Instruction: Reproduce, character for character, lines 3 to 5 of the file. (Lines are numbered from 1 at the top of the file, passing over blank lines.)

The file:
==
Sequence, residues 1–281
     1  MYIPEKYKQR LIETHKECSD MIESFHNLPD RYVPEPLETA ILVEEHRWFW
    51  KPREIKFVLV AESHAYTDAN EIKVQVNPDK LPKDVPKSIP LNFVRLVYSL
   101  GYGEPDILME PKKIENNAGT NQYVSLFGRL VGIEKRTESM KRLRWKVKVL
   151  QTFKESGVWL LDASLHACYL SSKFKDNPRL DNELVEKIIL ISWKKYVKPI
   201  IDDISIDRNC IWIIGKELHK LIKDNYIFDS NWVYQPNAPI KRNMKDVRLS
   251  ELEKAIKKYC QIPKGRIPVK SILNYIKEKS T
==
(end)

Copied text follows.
    51  KPREIKFVLV AESHAYTDAN EIKVQVNPDK LPKDVPKSIP LNFVRLVYSL
   101  GYGEPDILME PKKIENNAGT NQYVSLFGRL VGIEKRTESM KRLRWKVKVL
   151  QTFKESGVWL LDASLHACYL SSKFKDNPRL DNELVEKIIL ISWKKYVKPI